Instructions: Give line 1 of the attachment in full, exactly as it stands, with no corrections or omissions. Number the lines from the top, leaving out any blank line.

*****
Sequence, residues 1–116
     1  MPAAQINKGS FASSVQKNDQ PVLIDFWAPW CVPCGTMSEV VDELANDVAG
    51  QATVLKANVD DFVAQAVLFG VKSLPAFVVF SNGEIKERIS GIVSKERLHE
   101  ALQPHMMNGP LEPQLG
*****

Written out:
Sequence, residues 1–116